Jones says she has always been a proponent of picturing cows, even if they won’t be used for marketing or showing. “I’ll go to places where a guy will have a great old cow; she’s by her time of getting a great picture. But this cow has done so much for him."

"So you try to do everything you can to show the grand old lady she is – for him as much as anybody. He’ll probably never use it for anything other than a memory. You just try to give them as much as you can.”

Working with animals is not always easy. In fact, frustration is often a common culprit of what sabotages a straightforward task – just maybe not for Jones. “I use a crew of many people. It’s mostly getting them used to the idea (of working with a cow) because they’ll get frustrated before I will.

I just tell them to go easy with her because, sometimes, it’s the first time that animal has been out. And she may not have had a halter on very much. I’ll tell the halter man to rub on her head a little bit and, by doing that, you can see her relax.”

Patty Jones photo

Jones has always been a patient person, an attribute that has come in handy over the years. She used to push hard to get the best photos quickly, but running a shoot that way, with such urgency, didn’t always work out the way anyone wanted.

Learning to be even more patient helped that – but so did technology. “With the digital changes, it’s made things a lot nicer. We used to work outside in the winter all the time. My God! Some days, I wasn’t sure about it.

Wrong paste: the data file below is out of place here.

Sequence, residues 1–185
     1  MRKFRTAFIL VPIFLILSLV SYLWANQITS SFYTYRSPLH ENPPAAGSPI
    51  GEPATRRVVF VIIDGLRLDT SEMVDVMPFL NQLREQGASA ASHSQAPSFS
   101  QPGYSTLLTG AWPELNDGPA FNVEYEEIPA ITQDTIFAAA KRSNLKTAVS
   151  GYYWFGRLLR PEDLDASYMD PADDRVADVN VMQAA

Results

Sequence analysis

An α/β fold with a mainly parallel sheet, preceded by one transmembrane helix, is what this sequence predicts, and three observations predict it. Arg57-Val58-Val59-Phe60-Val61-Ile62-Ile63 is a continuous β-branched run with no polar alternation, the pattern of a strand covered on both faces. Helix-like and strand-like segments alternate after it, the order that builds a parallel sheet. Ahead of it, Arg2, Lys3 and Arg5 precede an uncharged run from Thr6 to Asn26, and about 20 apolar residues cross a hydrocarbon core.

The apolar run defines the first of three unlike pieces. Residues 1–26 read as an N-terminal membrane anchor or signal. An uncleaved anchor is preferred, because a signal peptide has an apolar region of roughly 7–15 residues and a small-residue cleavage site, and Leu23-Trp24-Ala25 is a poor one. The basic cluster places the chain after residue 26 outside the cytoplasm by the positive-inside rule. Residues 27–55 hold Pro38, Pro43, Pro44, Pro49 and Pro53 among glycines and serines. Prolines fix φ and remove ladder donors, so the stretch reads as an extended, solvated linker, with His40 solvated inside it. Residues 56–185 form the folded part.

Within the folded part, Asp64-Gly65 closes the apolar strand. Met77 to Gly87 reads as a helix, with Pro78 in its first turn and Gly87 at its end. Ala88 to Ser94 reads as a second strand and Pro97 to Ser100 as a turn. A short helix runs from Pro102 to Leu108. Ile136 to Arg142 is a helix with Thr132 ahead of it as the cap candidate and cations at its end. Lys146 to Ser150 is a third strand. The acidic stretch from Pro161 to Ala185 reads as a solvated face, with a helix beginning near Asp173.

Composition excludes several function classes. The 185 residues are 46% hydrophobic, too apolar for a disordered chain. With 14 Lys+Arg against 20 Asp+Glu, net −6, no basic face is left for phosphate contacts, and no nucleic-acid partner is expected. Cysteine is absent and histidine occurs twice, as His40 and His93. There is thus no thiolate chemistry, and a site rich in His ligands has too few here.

Now, I can just change the background, so we can work inside. A lot of cows don’t go out as much; they’re in the freestalls, which is a great way to have cows. They’re not used to going outside so, if we can work inside, near their friends, things usually go a lot better.”

Inspired … to retire?

Working the same job for 44 years certainly takes its toll on the labourer. For Jones, though, the old saying rings true: If you love what you do, you’ll never work a day in your life.

“People ask me what’s the best picture I’ve ever taken, and I say, ‘Well, I hope I haven’t taken it yet.’ I just love getting out there every day and putting a cow into position. People ask me how I do this every day, and I don’t know – I just love it. I know now, at this age, this is what I was supposed to do with my life.”

While she’s been slowing the number of clients she’ll take on, Jones has no plans to leave the industry any time soon. She enjoys her unique opportunity to move the Canadian dairy industry forward by picturing great cows and showing others what Canada has to offer.